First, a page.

EPA delays efforts to impose illegal regulation

CSE Foundation today applauded reports that the Environmental Protection Agency (EPA) will delay until next year a decision designating several central-Texas metropolitan areas as violating the eight-hour ozone standard. The EPA has threatened to cut off highway funding for cities such as Austin, Tyler and Longview — even though the courts ruled last year that the eight-hour standard was unconstitutional and unenforceable. None of these cities is currently in violation of the Clean Air Act.

“Perhaps the EPA finally realized what the courts meant when it said the eight-hour standard was ‘legally unenforceable,’” said CSE Foundation Director of Environmental Policy Patrick Burns. “Until now, this rogue agency has tried to force this illegal regulation on states and municipalities regardless of the court’s decisions.”

In 1997, the EPA issued a new rule for urban ozone, replacing the one-hour standard with an eight-hour standard. The eight-hour rule would have put most of the country into non-attainment under the Clean Air Act, and cost more than $60 billion a year.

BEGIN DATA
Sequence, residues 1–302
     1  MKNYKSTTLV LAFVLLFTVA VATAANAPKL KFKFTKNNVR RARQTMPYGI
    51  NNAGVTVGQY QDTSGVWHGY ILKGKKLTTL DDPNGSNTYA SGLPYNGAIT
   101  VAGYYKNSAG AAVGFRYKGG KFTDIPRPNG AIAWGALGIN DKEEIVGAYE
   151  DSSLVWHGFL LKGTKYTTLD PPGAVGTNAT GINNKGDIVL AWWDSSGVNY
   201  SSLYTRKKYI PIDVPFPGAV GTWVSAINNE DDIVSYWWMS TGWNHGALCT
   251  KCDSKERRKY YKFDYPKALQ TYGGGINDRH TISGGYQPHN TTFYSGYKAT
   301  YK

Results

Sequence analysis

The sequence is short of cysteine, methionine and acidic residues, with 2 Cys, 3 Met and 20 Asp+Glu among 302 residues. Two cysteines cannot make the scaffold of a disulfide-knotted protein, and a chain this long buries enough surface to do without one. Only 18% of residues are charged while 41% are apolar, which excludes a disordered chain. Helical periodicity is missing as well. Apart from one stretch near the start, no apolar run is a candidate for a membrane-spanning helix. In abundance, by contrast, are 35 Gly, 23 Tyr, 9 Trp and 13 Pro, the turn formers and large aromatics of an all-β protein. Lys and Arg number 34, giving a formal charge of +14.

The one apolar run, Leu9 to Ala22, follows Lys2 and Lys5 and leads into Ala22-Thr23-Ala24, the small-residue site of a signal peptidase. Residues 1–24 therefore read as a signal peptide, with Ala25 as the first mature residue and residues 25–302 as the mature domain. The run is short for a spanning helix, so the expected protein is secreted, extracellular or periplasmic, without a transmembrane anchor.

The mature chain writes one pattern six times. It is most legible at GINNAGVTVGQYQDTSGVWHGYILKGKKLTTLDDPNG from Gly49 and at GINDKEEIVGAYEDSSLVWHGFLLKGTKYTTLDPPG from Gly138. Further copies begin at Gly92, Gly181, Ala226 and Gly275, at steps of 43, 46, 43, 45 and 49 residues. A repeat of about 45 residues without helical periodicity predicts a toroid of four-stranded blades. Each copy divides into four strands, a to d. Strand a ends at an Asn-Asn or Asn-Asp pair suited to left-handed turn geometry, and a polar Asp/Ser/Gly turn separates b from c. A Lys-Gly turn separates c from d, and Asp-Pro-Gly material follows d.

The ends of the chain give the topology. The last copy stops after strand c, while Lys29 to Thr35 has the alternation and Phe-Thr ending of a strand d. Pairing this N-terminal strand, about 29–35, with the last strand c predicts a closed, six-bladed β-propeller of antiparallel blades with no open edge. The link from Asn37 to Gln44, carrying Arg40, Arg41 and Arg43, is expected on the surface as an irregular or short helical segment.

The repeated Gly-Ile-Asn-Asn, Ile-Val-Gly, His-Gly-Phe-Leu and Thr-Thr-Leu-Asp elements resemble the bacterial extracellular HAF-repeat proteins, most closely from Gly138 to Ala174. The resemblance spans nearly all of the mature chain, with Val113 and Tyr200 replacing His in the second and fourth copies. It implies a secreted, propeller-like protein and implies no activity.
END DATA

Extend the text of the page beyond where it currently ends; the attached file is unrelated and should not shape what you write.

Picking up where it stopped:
Although EPA promised dramatic health improvements, it later conceded — based on scientific evidence produced by CSE Foundation — that the number of lives saved by the new regulation could be as low as zero. In 1999, the courts ruled that the new standard constituted an appropriation of congressional authority. EPA is currently appealing that decision to the Supreme Court.

“Hopefully the EPA has recognized that it has absolutely no authority to enforce this rule. It’s about time this agency stopped acting as though the Constitutional separation of powers does not exist,” Burns concluded.